A great deal of scientific effort gets underway focussing on these changes and challenges in the Antarctic region. As many as 30 countries have research stations in Antarctica where scientists investigate global environmental issues like climate change and sustainable management of marine ecosystem. While the scientific community across the world have high stakes in such studies, the major powers are no longer reluctant to keep their ‘strategic interests’ under wraps.
Beyond Claims, Beneath Stakes
A Congressional Research Service Report (CRS) in 2021 acknowledged that an increasing global attention on Antarctica and the Southern Ocean emerged from the geopolitical and environmental developments. The argument has it that “these developments may have political, economic, and security implications” for the world. The CRS Report specifically pointed out Washington’s ‘geopolitical concerns’ over growing engagements of China and Russia in the Antarctic. The Report mentioned that during the Trump Administration a presidential memorandum was issued, stating that the United States would require “a fleet of polar security icebreakers that are tested and deployable by 2029 to protect national interests in the Arctic and Antarctic regions.” It was also mentioned that the Congress had shown interest in Antarctica “through legislation under Title VII of the Securing American Leadership in Science and Technology Act of 2020… which would have addressed, in part, expeditions and tourism in Antarctica and environmental emergencies in the Antarctic ecosystem that result from such activities.” Though the Bill (US HR5685) was introduced in the 116th Congress and later referred to a House Sub Committee of the legislature on 30 October 2021, no further action has apparently been taken till date by the Biden administration. Its fate remains uncertain, oddly.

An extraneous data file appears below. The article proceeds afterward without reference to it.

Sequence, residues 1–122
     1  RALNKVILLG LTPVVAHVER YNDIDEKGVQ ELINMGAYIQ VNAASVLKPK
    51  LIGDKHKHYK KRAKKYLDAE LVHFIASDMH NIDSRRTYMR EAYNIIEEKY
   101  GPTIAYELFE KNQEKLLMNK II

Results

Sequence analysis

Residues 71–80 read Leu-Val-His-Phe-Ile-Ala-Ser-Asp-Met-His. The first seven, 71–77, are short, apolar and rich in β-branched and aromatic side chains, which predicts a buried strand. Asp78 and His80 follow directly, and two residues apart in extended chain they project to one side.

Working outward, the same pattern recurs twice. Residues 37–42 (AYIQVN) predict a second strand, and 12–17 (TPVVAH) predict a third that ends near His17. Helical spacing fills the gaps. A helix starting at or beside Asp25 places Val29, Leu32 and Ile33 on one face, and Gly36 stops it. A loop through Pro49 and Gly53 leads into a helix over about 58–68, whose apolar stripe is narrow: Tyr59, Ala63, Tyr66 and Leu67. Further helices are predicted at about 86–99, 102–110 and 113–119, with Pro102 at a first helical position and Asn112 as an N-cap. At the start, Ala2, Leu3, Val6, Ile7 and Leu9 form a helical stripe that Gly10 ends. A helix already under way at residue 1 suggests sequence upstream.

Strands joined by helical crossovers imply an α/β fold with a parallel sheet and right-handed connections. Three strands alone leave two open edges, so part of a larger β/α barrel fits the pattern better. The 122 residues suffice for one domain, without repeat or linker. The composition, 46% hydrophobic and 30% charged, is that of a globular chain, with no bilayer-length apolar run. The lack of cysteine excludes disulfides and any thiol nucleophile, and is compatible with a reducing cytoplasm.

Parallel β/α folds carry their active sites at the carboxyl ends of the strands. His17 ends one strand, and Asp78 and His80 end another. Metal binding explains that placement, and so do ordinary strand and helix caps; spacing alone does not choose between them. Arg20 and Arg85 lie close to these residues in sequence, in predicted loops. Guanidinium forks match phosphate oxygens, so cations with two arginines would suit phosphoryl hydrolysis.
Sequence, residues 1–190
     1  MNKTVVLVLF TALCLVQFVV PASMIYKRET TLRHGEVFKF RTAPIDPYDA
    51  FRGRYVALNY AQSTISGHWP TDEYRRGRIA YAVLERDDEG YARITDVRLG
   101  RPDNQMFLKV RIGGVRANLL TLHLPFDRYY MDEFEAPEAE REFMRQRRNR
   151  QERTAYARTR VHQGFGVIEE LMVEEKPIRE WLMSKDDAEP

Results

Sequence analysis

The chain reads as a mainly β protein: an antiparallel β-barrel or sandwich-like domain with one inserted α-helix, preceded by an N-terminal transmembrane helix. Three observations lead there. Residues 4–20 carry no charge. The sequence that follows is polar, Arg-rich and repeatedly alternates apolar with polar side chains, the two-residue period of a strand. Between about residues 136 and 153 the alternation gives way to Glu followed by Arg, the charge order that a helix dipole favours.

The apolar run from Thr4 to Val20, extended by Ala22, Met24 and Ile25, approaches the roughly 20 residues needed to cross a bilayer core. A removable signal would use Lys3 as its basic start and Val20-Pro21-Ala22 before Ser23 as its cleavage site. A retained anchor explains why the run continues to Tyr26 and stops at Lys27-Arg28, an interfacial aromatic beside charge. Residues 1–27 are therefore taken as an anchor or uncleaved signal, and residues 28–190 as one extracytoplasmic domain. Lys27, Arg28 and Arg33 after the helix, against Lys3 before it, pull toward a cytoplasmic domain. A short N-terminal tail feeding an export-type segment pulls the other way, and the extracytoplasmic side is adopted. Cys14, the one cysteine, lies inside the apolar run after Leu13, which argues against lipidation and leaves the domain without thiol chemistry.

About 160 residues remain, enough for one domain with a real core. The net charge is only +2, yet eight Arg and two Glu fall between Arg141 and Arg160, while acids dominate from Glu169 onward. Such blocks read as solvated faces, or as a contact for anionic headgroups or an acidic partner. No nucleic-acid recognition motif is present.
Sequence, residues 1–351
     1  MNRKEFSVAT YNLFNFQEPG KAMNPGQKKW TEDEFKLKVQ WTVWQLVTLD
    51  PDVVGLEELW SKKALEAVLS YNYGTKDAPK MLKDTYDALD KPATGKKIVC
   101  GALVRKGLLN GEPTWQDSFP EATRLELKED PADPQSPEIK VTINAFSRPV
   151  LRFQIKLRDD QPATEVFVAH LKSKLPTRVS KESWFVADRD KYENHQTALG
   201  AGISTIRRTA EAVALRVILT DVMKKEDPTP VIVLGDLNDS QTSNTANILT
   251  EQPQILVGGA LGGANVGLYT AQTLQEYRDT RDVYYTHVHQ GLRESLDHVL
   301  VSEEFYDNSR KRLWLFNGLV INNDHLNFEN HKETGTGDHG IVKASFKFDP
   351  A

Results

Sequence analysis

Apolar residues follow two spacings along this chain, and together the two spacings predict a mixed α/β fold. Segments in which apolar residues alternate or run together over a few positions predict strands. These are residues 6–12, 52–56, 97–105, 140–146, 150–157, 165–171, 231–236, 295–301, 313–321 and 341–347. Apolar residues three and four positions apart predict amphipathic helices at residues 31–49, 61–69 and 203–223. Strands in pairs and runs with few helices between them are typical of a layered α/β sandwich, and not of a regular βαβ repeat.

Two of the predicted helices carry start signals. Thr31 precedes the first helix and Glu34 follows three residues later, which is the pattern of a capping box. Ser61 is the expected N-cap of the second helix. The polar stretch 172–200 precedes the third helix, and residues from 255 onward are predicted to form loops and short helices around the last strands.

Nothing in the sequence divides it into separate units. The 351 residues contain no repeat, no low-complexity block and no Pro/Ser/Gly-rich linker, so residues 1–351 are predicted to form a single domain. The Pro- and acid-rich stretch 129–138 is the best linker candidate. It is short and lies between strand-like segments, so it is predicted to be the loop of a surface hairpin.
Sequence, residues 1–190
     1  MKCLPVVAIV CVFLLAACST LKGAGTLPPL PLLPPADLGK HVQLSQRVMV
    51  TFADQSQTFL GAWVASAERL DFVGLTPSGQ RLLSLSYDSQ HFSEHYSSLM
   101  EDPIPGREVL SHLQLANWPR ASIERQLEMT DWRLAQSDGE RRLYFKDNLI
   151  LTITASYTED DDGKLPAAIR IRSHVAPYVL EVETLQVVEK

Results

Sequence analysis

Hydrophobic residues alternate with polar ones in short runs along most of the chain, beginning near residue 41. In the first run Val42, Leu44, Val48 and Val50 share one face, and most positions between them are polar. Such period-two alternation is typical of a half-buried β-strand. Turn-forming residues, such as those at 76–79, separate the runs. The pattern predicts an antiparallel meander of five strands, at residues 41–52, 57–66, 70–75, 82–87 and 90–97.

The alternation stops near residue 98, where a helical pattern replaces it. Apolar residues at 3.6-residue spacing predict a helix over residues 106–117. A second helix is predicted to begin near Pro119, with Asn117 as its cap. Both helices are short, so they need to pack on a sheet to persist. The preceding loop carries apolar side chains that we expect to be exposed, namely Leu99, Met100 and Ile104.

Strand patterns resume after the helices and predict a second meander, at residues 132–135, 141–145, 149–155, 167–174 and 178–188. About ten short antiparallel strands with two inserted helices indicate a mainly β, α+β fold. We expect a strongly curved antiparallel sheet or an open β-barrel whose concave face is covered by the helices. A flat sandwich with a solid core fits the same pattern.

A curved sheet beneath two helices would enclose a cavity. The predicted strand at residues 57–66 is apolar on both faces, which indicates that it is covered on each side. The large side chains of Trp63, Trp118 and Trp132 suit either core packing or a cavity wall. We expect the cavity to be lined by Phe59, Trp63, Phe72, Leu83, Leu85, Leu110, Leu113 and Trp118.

Meanwhile, a similar legislative measure has been introduced in Indian Parliament—Indian Antarctica Bill, 2022—with several features put in place by the Narendra Modi Government akin to the Bill introduced in the US Congress. In March 2022, the Government of India already announced its Arctic Policy. And the new legislation on the Antarctic, by all means, would reinforce its Polar policy regime. It further indicates the bonded strategic mindset between New Delhi and Washington that has today acquired a new meaning under the emerging global power dispensation. While sustaining the traditional strategic tie-up with Moscow, as it has been evident in the post-Ukraine war conditions, New Delhi does not hide its concerns over China and its increasing involvements in vital strategic locales, such as the Polar regions, South Asia, Central Asia, East Asia, South China Sea etc.